• A broker-dealer facilitates secondary market trading in a digital asset security by introducing a buyer to a seller of digital asset securities through a trading platform where the trade is settled directly between the buyer and seller. For example, a broker-dealer might operate an alternative trading system (ATS) that matches buyers and sellers of digital asset securities and the resulting trades either would be settled directly between the buyer and seller, or the buyer and seller would give instructions to their respective custodians to settle the transactions.[9] In either case, the ATS would not guarantee or otherwise have responsibility for settling the trades and would not at any time exercise any level of control over the digital asset securities being sold or the cash being used to make the purchase (g., the ATS would not place a temporary hold on the seller’s wallet or on the buyer’s cash to ensure the transaction is completed).[10]

By stating that non-custodial activities of the type described above “do not raise the same level of concern” as custodial activities, the Joint Statement implies that SEC DTM and FINRA OGC have at least some level of concern regarding those non-custodial activities. Unfortunately, the Joint Statement does not specify what that level of concern is, nor does it specify any of the factors that contribute to that level of concern, leaving it to market participants to guess what those factors might be.

Conclusion

The Joint Statement, like many (if not all) prior SEC and FINRA statements regarding digital assets, contains the obligatory declaration that the agencies “encourage” and “support” innovation in the securities markets. At the same time, the Joint Statement, like those prior statements, offers little in the way of concrete guidance as to how market participants may comply with existing rules when conducting activities involving digital assets.[11] Notably, despite its expression of support for innovation, there is nowhere to be found in the Joint Statement even a suggestion that it may be appropriate for the SEC and FINRA to reconsider and perhaps revamp their rules to enable the innovation they claim to support.[12] Instead, we are left with a veiled warning that, at present, broker-dealers that have custody of digital asset securities are likely to be found in violation of SEC and FINRA rules:

“In recent months, the Staffs have been engaged with industry participants regarding how industry participants believe a particular custody solution for digital asset securities would meet the possession or control standards prescribed in the SEC’s Customer Protection Rule. The Staffs have found these discussions to be very informative and appreciate market participants’ ongoing engagement on these issues. The Staffs…look forward to continuing our dialogue as market participants work toward developing methodologies for establishing possession or control over customers’ digital asset securities…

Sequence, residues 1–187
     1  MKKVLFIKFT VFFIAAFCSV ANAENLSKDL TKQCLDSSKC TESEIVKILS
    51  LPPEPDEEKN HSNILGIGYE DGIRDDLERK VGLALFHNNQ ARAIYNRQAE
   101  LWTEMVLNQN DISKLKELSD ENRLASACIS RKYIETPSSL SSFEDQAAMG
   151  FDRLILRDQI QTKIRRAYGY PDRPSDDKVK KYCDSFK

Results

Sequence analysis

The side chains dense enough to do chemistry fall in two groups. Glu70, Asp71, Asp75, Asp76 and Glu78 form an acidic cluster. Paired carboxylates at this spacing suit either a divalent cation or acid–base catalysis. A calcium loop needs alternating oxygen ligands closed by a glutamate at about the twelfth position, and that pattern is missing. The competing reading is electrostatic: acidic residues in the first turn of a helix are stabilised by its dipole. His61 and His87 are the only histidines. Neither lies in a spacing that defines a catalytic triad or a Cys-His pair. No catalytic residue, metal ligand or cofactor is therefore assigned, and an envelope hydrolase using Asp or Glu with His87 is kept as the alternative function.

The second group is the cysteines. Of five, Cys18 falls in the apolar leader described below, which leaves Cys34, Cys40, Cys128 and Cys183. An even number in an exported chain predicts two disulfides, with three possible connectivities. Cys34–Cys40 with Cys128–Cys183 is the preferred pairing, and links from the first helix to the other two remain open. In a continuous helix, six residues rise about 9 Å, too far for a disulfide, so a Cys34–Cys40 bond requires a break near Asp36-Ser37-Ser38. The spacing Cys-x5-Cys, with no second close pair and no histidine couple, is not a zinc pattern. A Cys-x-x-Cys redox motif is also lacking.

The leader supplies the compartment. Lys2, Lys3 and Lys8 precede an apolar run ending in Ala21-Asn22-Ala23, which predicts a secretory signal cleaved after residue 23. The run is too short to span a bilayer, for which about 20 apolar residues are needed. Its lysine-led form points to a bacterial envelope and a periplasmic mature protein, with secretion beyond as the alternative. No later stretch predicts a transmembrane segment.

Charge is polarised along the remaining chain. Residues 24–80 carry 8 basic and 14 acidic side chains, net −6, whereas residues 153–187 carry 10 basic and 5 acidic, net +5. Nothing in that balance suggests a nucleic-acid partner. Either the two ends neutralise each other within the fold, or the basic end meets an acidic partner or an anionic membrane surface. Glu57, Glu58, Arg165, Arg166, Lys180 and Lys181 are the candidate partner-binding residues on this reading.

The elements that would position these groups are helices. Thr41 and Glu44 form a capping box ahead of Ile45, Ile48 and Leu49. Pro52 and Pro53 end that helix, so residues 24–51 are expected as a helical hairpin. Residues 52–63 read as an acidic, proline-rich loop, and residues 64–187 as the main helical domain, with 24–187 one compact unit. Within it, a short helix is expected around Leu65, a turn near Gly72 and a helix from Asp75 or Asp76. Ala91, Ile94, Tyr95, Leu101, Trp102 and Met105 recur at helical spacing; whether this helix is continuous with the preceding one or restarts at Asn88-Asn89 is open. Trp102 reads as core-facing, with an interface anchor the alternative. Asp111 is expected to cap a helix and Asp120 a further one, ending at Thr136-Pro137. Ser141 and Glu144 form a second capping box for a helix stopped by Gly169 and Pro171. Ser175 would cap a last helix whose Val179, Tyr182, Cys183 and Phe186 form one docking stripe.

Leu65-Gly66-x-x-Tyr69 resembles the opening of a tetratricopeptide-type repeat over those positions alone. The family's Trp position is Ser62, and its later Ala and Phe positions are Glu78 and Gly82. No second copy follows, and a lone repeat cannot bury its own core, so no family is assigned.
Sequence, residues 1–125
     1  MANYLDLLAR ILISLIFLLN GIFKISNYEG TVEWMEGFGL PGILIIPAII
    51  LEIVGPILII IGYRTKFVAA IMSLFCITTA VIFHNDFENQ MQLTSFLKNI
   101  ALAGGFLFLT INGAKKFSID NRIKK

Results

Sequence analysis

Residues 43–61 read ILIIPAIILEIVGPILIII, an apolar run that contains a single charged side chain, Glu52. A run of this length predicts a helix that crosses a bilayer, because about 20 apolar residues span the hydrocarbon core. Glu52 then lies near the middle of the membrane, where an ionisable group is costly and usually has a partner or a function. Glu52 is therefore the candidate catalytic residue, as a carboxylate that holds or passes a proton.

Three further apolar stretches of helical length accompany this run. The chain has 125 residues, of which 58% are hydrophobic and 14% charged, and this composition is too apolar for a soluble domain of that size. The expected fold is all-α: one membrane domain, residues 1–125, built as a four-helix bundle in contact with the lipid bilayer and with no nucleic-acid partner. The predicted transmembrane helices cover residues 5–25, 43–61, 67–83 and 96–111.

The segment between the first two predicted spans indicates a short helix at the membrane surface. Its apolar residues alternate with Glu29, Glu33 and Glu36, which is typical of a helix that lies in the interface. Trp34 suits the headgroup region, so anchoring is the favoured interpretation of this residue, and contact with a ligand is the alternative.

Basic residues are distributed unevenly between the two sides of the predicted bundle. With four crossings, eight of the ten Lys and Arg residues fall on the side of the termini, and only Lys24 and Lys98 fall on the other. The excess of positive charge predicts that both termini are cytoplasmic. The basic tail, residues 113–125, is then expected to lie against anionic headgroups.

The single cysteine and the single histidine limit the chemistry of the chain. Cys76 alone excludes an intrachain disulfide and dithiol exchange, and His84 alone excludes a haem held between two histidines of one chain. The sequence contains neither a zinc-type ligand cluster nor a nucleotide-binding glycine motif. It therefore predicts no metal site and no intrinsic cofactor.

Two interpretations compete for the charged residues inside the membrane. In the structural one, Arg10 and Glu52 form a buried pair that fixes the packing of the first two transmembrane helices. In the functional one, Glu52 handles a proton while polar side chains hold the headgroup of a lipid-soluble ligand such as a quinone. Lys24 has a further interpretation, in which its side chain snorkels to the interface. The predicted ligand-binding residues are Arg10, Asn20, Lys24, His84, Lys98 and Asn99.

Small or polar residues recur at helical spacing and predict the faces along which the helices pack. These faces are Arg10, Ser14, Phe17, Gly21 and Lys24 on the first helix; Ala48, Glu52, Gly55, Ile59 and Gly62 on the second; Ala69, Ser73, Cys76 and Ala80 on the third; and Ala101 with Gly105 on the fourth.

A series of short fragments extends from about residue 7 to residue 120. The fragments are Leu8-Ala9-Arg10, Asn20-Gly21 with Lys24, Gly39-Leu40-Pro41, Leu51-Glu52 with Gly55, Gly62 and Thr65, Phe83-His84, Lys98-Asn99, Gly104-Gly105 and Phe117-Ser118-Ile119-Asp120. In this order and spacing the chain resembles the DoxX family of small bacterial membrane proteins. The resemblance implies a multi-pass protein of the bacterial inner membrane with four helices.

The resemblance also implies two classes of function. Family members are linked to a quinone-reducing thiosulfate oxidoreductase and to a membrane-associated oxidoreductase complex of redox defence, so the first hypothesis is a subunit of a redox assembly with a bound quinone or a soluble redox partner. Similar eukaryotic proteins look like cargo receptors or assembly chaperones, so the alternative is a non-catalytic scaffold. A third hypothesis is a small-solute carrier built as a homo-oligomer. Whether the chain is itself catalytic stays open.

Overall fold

“Various unregistered entities that intend to engage in broker-dealer activities involving digital asset securities are seeking to register with the [SEC] and have submitted New Membership Applications (NMAs) to FINRA. Additionally, various entities that are already registered broker-dealers and FINRA members are seeking to expand their businesses to include digital asset securities services and activities. Under FINRA rules, a firm is prohibited from materially changing its business operations (e.g., engaging in material digital asset securities activities for the first time) without FINRA’s prior approval of a Continuing Membership Application (CMA)...

“The NMAs and CMAs currently before FINRA are diverse: Some of the NMAs and CMAs cover proposed business models that would not involve the broker-dealer engaging in custody of digital asset securities. On the other hand, some NMAs and CMAs include the custodying of digital asset securities, and therefore implicate the Customer Protection Rule, among other requirements.

“Some of these entities have met with the Staffs to discuss how they propose to custody digital asset securities in order to comply with the broker-dealer financial responsibility rules. These discussions have been informative. The specific circumstances where a broker-dealer could custody digital asset securities in a manner that the Staffs believe would comply with the Customer Protection Rule remain under discussion, and the Staffs stand ready to continue to engage with entities pursuing this line of business.” [emphasis added].